Evangeline Cummings, assistant provost and director of University of Florida Online in Gainesville, shared the footage via Twitter and asked for help figuring out just what was going on.
At one point in the now-viral clip, the coral snake thrashes wildly, either in an attempt to chase off the yellow jacket or in response to a sting from the insect:
Um ok, @UFEntomology and @MartaWayneUF , I believe I just witnessed a BEE 🐝 stinging a CORAL SNAKE 🐍 while the CORAL was dining on a RAT (?) SNAKE 🐍 and I need your support to process this. @UF #FloridaBackyard pic.twitter.com/djbJJGxaUk— Evangeline Cummings (@EvieCummings23) October 17, 2019
A doctoral candidate at the university replied:
Youch! Even venomous snakes don't like yellow jacket stings. Although coral snakes aren't great climbers, I'm sure a free meal was good motivation. The yellowjacket- which also love meat- must have thought they had claim to it!— Natalie Claunch (@heart2herp) October 18, 2019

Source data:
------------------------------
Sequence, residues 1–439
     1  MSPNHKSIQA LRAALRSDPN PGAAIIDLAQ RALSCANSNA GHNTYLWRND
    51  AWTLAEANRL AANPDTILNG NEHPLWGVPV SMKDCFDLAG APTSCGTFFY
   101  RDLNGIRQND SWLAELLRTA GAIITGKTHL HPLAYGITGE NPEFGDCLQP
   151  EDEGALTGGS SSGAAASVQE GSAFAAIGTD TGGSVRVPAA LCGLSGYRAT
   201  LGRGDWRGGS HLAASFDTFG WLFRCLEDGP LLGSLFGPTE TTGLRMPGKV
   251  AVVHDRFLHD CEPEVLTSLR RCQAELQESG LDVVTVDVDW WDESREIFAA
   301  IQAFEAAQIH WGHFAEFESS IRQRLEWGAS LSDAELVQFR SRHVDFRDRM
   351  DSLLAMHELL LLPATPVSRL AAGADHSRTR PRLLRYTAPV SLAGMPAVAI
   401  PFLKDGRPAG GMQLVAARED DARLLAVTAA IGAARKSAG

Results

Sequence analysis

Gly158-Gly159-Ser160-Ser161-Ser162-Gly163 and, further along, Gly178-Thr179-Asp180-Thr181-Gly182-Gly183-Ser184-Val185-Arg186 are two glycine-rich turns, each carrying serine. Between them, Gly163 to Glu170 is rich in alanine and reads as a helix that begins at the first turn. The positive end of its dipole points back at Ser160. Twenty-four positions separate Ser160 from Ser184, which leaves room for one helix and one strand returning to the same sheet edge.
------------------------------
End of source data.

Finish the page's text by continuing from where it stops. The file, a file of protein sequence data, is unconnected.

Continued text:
It’s not clear how the dead snake got into the rose bush or if it was dead when the coral snake found it. But after chatting with experts on Twitter, Cummings settled on a theory:
So we’ve now settled on our favorite theory: rat snake was dropped by a hawk or similar and landed in the rosebush. (But the rat snake is somewhat twisted around the branches so I wonder if when I was dropped it was still partially alive and tried to free itself and could not.🤔)— Evangeline Cummings (@EvieCummings23) October 20, 2019
Also on HuffPost
This article originally appeared on HuffPost.